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I was trying to pull some documents from a REST api to HDFS. Each document was compressed into a zipped folder in the archive.
The code I used is:
s = requests.Session() r = s.get(archv_path) # get it downloaded, and unzipped z = zipfile.ZipFile(io.BytesIO(r.content)) try: foo = z.read(z.infolist()) except IndexError: foo = "" output_folder.upload_stream(partition_folder+filename, foo)
However, I noticed it leads to an issue: all the MS Word documents are downloaded as .docx file, whereas some documents are actually .doc file. And when I tried to read the text in the downloaded document, the decoding result is a bit messy. I used chardet to detect the encoding, it always returns 'Windows-1254' and recognise the language as Turkish. Even when I set the encoding = 'Windows-1254', it still does not get the text right.
stream = Input.get_download_stream(doc_path) bytes_out_text = stream.read() out_text = bytes_out_text.decode('utf-8', 'ignore') print(out_text)
I guess it was caused by the unzip step but I am not sure how to fix it. I succeeded to use z.extractall() to get the document, but it seems like extractall() only works in local filesystem as a absolute path is required. I have been struggling with it for the whole day... Could you please help me with it? Any ideas or suggestions will be appreciated!
where is the `filename` value coming from? Shouldn't it come from the ZipInfo `z.infolist()` ? If extractall() does the job, why not download to the local filesystem (in a temp folder if needed), uncompress there, then upload_stream() the uncompressed files?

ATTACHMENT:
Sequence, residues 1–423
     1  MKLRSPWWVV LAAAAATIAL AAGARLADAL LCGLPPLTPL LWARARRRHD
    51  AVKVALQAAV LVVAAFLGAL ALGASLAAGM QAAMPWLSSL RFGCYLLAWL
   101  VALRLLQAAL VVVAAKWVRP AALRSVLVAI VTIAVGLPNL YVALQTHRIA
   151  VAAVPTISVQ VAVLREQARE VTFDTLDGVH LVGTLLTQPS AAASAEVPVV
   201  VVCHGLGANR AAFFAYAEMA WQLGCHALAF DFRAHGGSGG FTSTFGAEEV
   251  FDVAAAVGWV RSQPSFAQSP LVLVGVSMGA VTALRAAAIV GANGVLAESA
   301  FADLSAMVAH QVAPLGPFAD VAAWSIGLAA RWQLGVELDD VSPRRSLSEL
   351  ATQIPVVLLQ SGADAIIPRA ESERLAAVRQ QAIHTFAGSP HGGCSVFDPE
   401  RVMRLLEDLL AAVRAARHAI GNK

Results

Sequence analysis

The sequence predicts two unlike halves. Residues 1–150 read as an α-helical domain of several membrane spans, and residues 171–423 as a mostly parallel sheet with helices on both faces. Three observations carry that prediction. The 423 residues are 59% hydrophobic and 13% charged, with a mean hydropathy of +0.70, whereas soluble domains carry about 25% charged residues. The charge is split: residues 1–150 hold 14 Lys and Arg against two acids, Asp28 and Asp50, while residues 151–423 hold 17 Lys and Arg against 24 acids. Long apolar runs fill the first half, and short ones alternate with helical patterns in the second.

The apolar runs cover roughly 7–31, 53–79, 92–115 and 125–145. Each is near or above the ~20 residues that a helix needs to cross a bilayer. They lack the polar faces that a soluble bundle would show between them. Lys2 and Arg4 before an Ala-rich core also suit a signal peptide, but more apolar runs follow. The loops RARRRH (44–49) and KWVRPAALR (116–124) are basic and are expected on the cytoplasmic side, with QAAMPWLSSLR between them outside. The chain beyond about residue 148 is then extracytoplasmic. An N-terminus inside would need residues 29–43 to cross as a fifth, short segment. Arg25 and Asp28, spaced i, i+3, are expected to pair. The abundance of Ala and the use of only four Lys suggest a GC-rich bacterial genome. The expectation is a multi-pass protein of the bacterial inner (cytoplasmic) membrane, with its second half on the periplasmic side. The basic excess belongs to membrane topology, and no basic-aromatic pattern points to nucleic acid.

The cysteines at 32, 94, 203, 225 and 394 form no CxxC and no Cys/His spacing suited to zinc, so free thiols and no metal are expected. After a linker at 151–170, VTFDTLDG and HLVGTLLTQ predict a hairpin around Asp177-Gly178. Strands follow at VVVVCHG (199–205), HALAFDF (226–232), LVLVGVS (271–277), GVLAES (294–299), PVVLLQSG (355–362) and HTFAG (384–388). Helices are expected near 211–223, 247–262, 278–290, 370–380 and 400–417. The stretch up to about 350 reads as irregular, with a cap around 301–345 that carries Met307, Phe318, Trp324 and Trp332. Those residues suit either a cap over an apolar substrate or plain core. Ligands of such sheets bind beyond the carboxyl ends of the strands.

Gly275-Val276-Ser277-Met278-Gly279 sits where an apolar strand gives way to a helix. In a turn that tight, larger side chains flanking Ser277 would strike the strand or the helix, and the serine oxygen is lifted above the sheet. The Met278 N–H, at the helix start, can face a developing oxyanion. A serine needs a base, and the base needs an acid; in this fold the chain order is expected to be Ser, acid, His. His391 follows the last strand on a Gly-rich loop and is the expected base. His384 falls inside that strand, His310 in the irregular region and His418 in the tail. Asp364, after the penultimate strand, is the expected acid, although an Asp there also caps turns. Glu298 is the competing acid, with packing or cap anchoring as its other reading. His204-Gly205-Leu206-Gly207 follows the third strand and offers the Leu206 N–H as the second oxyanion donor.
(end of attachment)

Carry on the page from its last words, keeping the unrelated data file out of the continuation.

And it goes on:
I did not use the extractall() function because there are a big amount of documents involved. Will it influence the efficiency if I download and uncompress in local first?
For the filename, it comes from the REST api... I specified it here because I see in the documentation of upload_stream(), a target path of the file needs to be provided.
Thanks for prompt response!
for a zip with many files, it's usually be faster to uncompress off the local filesystem, because of the non-sequential accesses done by zip. For a single-file zip it may not make a big difference.
As you noted, `upload_stream()` needs a path, hence a filename, but is totally oblivious to what the name is, .doc or .docx doesn't matter for this method. I'd trust the filename that's effectively in the zip over a filename provided externally, unless the filename in the zip is totally mangled.
Out of curiosity, what are you reading the doc(x) files with?
I have many zipped folders and each folder contains one document only - sorry I didn't explained it clearly. In this case, is it still faster to uncompress in the local filesystem?
As you suggested, I tried to use the filename provided in zip.infolist() when uploading the stream, instead of the one that I fetched from REST api. However I noticed that in this way, PDF documents are treated as binary file and thus no preview available. And I tried to download the PDF document, it appears to be a .pdf_ file. Do you happen to have an idea about why it happens?
uncompress in local filesystem will probably be a bit slower than uncompress from in-memory buffer, but the performance hit should be negligible (disk and network I/O probably dominates the runtime), so you shouldn't refrain from using that option.
Can you share one of these zips that produce a .pdf_ file?
I have checked again the scripts and realized that the .pdf_ extension occurs when the filename (extracted from zip.listinfo() ) contains a space in the end. With the space removed, it returns a normal .pdf file. So the uncompressing step was finished smoothly.
One follow-up question, I also have a few .doc files in the data base. As far as I know, the textract package , which is commonly used to read .doc files, does not accept stream as an input. The python-docx package accepts stream but it does not read .doc file. It seems like I have to read the .doc files in the local filesystem after the uncompressing step... do you happen to know any other options that allows to read .doc file from stream?